Background: Tuberculosis in children has historically been neglected by clinicians, policy makers, academics, and advocates due to several factors though it is significant contributor to child morbidity and mortality. In Ghana, the proportion of notified childhood TB cases among all cases gradually declined from about 6% in 2010 to 5% in 2015 after a steadily rising trend from 2.4% in 2008 to 5.9% in 2010 in spite of various interventions rolled out, with the expected figure pegged at 10%. Objective: This study sought to assess health system factors influencing childhood TB case detection in the Cape Coast metropolis. Methods: A quantitative cross-sectional study based on the World Health Organization’s Childhood TB training toolkit, the Standard Operating Procedures for TB Case Detection for Ghana, March 2010 and the Toolkit to Address Timely TB Case Detection and Treatment (CARE II was conducted). Self-administered questionnaires were used to extract data from healthcare workers in the Cape Coast Metropolis who attend to children in their line of duty. The results were analysed to assess the knowledge levels of the healthcare workers, to describe their attitudes and practices, and reported views of healthcare workers on selected health system factors that influence the performance of healthcare workers. Results: The mean knowledge score was 49.6% (95%CI: 45.4-53.1) with 34.6% (37/107) of participants having adequate knowledge about childhood tuberculosis. Participation in childhood TB workshops was not associated with adequate knowledge level. Only 2.8% (3/107) of respondents knew the child TB control strategies.. 4.7% of the participants indicated that children with TB were discriminated against in health facilities and 29.9% were uncomfortable attending to children with TB. Frequency of childhood TB contact tracing and parental education v varied across the different health facilities. Children were also not routinely screened for TB, and the symptom-based screening form was not used among children. Supervision was generally poor and practices of healthcare workers mostly at variance with the standard operating procedures. The health facilities also did not have copies of TB guidelines. The only TB reference guide available in the facilities was the TB Training Manual specifically at the Teaching Hospital and Metropolitan health directorate. Conclusion: Knowledge level of healthcare workers about childhood TB was generally inadequate. Negative attitudes to children with TB exist in health facilities and present a challenge to TB control. Diagnostic aids in the form of manuals and the standard operating procedures for TB case detection were generally lacking in the health facilities.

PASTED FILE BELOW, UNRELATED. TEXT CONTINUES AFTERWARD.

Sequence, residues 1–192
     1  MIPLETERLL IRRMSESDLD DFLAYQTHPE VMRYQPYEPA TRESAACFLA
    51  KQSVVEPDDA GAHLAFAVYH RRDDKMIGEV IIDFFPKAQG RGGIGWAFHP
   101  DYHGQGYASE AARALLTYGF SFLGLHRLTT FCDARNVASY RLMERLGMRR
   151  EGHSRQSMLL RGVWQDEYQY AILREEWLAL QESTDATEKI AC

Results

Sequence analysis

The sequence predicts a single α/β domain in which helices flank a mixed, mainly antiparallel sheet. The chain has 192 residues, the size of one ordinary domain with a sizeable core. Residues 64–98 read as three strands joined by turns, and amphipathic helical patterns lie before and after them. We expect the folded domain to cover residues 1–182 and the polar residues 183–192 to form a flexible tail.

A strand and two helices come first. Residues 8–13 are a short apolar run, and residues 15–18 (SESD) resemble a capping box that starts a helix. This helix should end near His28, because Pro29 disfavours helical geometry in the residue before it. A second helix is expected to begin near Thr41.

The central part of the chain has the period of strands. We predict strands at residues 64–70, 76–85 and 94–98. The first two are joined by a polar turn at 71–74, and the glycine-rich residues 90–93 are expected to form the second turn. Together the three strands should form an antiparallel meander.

DUODU, G (2021). Health System Factors Influencing Childhood Tuberculosis Case Detection in The Cape Coast Metropolis, Ghana. Afribary. Retrieved from https://afribary.com/works/health-system-factors-influencing-childhood-tuberculosis-case-detection-in-the-cape-coast-metropolis-ghana
DUODU, GIDEON "Health System Factors Influencing Childhood Tuberculosis Case Detection in The Cape Coast Metropolis, Ghana" Afribary. Afribary, 14 Apr. 2021, https://afribary.com/works/health-system-factors-influencing-childhood-tuberculosis-case-detection-in-the-cape-coast-metropolis-ghana. Accessed 29 Mar. 2023.
DUODU, GIDEON . "Health System Factors Influencing Childhood Tuberculosis Case Detection in The Cape Coast Metropolis, Ghana". Afribary, Afribary, 14 Apr. 2021. Web. 29 Mar. 2023. < https://afribary.com/works/health-system-factors-influencing-childhood-tuberculosis-case-detection-in-the-cape-coast-metropolis-ghana >.
DUODU, GIDEON . "Health System Factors Influencing Childhood Tuberculosis Case Detection in The Cape Coast Metropolis, Ghana" Afribary (2021). Accessed March 29, 2023. https://afribary.com/works/health-system-factors-influencing-childhood-tuberculosis-case-detection-in-the-cape-coast-metropolis-ghana